Opinion: The types of jobs to look for (and avoid) in a recession
But now that a recession is clearly looming, the window of opportunity for job seekers is slowly starting to close.
Official acknowledgment of the recession will, however, have to wait for a wider variety of data releases, as a recession is a vicious cycle of declining employment, income, production and sales which then trickles down into further decline in employment, etc. Additionally, the GDP number often goes through several revisions as the Commerce Department refines its calculations and new data becomes available.
It therefore makes sense that job seekers try to find jobs with companies that are less vulnerable to the difficulties of the economy. So where exactly should people look?
Thinking big means focusing on companies with products or services that people need day in and day out, even in a recession. This includes healthcare jobs like those in hospitals, nursing homes, and doctors’ offices. Utilities and legal services are insulated from recessionary forces for similar reasons, as is education.
But within these broad categories, job seekers need to be discerning. The key is to avoid employers who offer products and services that cautious clients might choose to forego or postpone.
For example, while the healthcare industry is generally a safe haven during recessionary storms, elective cosmetic surgery providers are not recession-proof, as clients may decide to postpone procedures and d ‘other services. Another example is legal services, which are mostly recession-proof. But law firms that work on mergers and acquisitions will certainly see their business plummet during the bear markets of the recession.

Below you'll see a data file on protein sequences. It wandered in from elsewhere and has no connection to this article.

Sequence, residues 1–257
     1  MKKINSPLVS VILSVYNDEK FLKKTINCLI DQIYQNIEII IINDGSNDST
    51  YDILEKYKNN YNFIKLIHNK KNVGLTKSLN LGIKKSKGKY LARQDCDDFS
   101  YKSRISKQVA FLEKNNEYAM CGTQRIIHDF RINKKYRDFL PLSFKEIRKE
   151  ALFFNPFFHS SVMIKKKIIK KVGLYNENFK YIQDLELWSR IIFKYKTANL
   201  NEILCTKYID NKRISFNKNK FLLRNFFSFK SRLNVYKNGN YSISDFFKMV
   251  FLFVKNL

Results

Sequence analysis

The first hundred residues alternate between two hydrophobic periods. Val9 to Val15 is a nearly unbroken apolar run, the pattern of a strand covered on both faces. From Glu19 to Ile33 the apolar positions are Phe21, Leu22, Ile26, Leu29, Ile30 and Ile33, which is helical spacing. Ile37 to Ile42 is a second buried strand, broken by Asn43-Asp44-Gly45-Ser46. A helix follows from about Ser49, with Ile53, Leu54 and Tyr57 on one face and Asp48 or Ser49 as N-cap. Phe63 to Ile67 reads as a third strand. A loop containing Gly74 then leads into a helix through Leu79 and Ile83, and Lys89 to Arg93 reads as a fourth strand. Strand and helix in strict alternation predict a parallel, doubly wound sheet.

For the most part, food and beverage companies are weathering the recession because people have to eat and drink. But even high-income households, faced with volatile stock prices and falling house prices, may choose to eat at home more often, meaning expensive restaurants could downsize or even close.
Again, the general rule is that businesses that rely on so-called discretionary spending are at risk during economic downturns. Busy airports this summer might make it hard to believe, but airline-related jobs, such as those in flight services and travel agencies, are at significant risk in the future. The same is true for jobs in amusement parks, gambling, entertainment and tourism, where consumers can choose to cut spending.
Construction jobs are notorious for their boom and bust cycles. And it’s not just those who work for homebuilders and real estate agents who suffer during real estate downturns. The same is true for workers in furniture and lighting, as well as in the appliance and consumer electronics industries.
Manufacturing jobs, especially those with manufacturers of capital goods, such as producers of industrial and heavy machinery, as well as jobs with suppliers who are forced to bear the brunt of changes in consumer demand, are particularly sensitive to recessionary currents. Manufacturers of automobiles and auto parts are particularly vulnerable, as well as manufacturers of communications equipment like modems and switches, and electronic components like displays and integrated circuits, including very early inputs like chips. semiconductor.
With a recession looming but jobs still plentiful, if you are unhappy with your job or work in an industry vulnerable to recession-related job losses, now is the time to start looking for a safer perch. . Strike when the labor market is hot, rather than after things have cooled down.